Postby Zeugitai » Wed Dec 07, 2011 8:12 pm

james wrote:You've probably read these FAQs, but just in case here's the link: http://www.sonuus.com/products_i2m_mp_faq.html

To get familiar with playing MIDI, it's best to find an instrument sound that has similar characteristics to a guitar. So, you want: fast attack, fast release, and single notes (so no chord pads, or double-stopped notes, etc). Doing this you get something that will respond quickly to the MIDI from your guitar and in many ways will feel similar to a guitar when you play it. It doesn't matter if it's a patch that sounds "good" you just want something to practice with.

Once you get used to playing with this and you can control it how you want to, start looking at other sounds. Strange sounds can be very disconcerting at times and it's easy to get confused how to get the best from them. Once you are happy with playing MIDI, strange sounds become more fun than hindrance.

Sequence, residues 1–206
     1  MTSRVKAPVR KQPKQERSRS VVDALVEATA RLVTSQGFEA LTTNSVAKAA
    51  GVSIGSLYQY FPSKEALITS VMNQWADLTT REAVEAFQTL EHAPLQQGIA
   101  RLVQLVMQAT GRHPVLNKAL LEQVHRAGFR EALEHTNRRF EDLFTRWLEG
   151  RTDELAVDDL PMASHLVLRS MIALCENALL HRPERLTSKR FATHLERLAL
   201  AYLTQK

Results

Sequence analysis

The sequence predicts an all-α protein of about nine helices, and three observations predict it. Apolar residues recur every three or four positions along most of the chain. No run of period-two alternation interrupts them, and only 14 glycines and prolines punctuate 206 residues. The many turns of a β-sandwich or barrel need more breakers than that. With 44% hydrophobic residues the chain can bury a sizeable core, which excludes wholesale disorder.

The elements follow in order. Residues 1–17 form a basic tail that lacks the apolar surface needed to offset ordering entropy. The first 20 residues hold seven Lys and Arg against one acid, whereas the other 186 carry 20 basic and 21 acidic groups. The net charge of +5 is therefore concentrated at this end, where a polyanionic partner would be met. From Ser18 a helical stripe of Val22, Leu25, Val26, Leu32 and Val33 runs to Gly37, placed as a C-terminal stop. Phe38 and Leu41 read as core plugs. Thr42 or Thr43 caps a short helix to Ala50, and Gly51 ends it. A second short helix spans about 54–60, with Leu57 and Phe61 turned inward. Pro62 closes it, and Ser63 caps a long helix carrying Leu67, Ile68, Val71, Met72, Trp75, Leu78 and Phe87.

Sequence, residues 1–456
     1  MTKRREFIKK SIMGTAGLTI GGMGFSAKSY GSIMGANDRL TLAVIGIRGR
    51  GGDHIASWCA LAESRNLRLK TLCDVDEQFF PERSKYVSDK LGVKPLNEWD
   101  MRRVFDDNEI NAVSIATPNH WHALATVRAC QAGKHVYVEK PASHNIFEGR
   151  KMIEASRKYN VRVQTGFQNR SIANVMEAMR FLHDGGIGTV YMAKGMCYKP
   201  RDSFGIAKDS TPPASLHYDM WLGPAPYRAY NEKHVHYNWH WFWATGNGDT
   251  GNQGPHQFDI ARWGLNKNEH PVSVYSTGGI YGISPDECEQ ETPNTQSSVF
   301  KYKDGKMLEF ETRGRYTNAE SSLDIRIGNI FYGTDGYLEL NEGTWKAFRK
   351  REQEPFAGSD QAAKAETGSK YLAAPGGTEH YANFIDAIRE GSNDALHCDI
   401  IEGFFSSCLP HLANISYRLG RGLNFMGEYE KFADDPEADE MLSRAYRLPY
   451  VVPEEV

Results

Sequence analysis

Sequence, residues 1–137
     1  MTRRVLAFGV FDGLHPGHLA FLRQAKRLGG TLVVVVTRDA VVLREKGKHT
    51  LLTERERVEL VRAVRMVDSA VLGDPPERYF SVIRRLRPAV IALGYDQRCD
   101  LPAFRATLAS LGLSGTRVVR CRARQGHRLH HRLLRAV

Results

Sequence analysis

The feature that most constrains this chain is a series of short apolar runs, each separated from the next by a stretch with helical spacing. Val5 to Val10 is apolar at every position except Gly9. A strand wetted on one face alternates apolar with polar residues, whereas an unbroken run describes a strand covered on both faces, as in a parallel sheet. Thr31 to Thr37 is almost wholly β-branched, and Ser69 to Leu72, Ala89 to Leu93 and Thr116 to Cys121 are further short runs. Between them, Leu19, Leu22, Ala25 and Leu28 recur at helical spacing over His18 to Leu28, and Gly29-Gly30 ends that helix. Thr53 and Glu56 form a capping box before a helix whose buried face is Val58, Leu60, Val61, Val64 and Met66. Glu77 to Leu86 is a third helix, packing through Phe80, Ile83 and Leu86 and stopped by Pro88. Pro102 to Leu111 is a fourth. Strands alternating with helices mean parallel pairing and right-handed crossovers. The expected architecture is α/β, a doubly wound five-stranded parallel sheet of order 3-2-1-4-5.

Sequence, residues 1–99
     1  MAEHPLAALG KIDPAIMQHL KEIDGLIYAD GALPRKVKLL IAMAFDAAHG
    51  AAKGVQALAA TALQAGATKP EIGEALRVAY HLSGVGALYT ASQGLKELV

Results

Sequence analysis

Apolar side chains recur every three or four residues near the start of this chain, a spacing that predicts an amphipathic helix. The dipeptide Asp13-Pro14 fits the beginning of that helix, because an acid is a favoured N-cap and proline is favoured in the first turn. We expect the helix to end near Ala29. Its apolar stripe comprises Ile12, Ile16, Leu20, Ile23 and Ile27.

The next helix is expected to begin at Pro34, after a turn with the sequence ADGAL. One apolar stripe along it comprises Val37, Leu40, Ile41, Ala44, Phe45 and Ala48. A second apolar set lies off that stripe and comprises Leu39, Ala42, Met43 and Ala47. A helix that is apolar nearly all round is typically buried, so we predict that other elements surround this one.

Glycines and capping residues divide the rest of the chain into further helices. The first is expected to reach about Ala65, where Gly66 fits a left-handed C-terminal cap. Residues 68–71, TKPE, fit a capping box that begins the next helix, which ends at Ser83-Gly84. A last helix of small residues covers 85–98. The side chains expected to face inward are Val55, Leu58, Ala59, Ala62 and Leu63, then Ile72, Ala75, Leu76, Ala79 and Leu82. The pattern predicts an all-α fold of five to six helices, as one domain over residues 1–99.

Thanks, James. I probably didn't make myself clear. I am trying to use VST instruments like the Chinese Gu Cheng, and like the Syntar, a vst sitar. They are also stringed instruments like the guitar, and I'm trying to play them monophonically in single-note melodic ways. The issue is triggering. In spite of my best efforts and having read and followed the faqs I am getting several different notes triggering when I play one note on the guitar(s). Sometimes two notes, sometimes three. Sometimes they sound out almost simultaneously, sometimes sequentially as the string is depressed, picked, and released. I've tried single coil and humbuckers with the same result. What I was wondering was whether, through midi editing, the notes that are sent from the i2m to the vst could be constrained more. Obviously the i2m is sending all kinds of different note messages to the vst when I play one note. And I mentioned that some vsts like safwan matni's nay, don't respond erratically. I play one note and get that one note back from the vst. Some synthesizers are behaving well, too, but, unfortunately, many vsts are responding with multiple wrong notes instead of the one right one.